Beijing's the big property player

PUBLISHED : Tuesday, 09 February, 1993, 12:00am
UPDATED : Tuesday, 09 February, 1993, 12:00am

I HOPE the Finacial Secretary, Mr Hamish Macleod will demonstrate that in some situations bureaucratic resistance can work to the community's advantage.

The Real Estate Developers' Association (REDA) has mounted a campaign against Mr Macleod to raise the mortgage lending ceiling guideline. REDA seldom goes public to voice its concerns and whenever it does one can be sure that property developers and speculators are seriously worried.

As I recall it is over 10 years since they let it be known to the media that they were seeking an interview with the Financial Secretary or the Chief Secretary to express serious concern.

At that time the problem was that imprudent lending by the banks had enabled developers to create a huge pool of empty flats which they and speculators had priced well beyond the means of home buyers.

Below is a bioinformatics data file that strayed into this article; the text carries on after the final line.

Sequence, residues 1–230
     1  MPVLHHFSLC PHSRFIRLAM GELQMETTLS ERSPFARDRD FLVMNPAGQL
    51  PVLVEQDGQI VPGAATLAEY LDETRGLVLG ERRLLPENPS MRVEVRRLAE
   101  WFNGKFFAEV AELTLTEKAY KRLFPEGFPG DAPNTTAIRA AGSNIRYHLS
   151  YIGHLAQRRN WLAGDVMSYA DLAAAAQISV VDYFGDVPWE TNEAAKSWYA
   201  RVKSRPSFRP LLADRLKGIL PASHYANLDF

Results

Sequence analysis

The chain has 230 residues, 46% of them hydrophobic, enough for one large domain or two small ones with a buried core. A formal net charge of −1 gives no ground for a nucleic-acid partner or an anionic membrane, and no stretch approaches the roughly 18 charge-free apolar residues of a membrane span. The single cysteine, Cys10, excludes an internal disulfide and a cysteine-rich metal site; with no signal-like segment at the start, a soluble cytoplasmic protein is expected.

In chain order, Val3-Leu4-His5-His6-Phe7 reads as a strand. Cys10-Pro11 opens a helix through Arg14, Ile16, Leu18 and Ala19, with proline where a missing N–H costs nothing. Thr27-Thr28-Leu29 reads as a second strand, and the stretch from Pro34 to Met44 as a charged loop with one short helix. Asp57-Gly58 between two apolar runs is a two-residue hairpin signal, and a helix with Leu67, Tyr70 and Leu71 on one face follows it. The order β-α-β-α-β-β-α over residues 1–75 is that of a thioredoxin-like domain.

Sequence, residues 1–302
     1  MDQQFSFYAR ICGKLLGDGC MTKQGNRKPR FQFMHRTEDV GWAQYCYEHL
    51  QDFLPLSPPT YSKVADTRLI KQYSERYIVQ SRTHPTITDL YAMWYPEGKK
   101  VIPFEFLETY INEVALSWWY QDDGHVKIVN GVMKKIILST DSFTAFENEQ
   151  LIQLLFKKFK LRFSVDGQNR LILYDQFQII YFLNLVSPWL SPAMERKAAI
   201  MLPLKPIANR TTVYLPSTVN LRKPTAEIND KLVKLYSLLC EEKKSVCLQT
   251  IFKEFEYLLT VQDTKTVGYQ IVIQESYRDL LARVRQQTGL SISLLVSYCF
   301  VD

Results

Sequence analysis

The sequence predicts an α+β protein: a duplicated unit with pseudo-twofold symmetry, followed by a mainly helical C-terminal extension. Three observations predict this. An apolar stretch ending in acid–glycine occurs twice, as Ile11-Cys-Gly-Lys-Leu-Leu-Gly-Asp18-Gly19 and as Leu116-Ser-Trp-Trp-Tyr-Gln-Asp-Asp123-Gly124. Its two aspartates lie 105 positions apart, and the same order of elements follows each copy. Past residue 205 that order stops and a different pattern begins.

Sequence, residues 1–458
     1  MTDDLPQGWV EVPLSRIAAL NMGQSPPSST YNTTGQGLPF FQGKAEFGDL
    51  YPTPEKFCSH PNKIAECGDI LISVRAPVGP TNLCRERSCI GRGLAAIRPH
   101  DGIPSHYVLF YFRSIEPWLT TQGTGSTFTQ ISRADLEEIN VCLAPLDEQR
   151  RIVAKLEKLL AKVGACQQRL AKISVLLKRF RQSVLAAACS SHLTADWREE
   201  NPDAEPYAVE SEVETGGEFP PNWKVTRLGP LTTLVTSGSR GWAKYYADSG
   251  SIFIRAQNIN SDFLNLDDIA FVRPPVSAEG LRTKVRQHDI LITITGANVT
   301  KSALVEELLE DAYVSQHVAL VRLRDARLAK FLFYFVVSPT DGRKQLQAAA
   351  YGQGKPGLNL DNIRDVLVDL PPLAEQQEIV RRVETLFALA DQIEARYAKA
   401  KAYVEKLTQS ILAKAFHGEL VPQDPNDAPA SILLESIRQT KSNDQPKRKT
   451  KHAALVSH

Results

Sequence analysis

Rather than let consumers benefit from a freefall in the prices of flats that non-intervention would have brought banks were encouraged to enter the home-loan business and shift the financial liabilities incurred by the developers on to Hongkong's increasingly affluent middle class.

This typical Hongkong compromise which saved the property companies, the banks and stabilised prices at a satisfactory level pleased almost everyone.

It would not make good sense for the Government to make a similar compromise with REDA today. For at the root of the sluggish market has got to be a growing conviction that China's irrational and menacing reactions to Mr Patten's constitutional package cast serious doubt on that country's reliability in respecting individual property rights or the law of contract after 1997.

Since China is now a major player in the Hongkong property market REDA should seek out the creators of all our present trouble in Beijing and talk self-interest and common sense into them, rather than try to bully Mr Macleod into making compromises that will please REDA's members but foster false optimism about the future.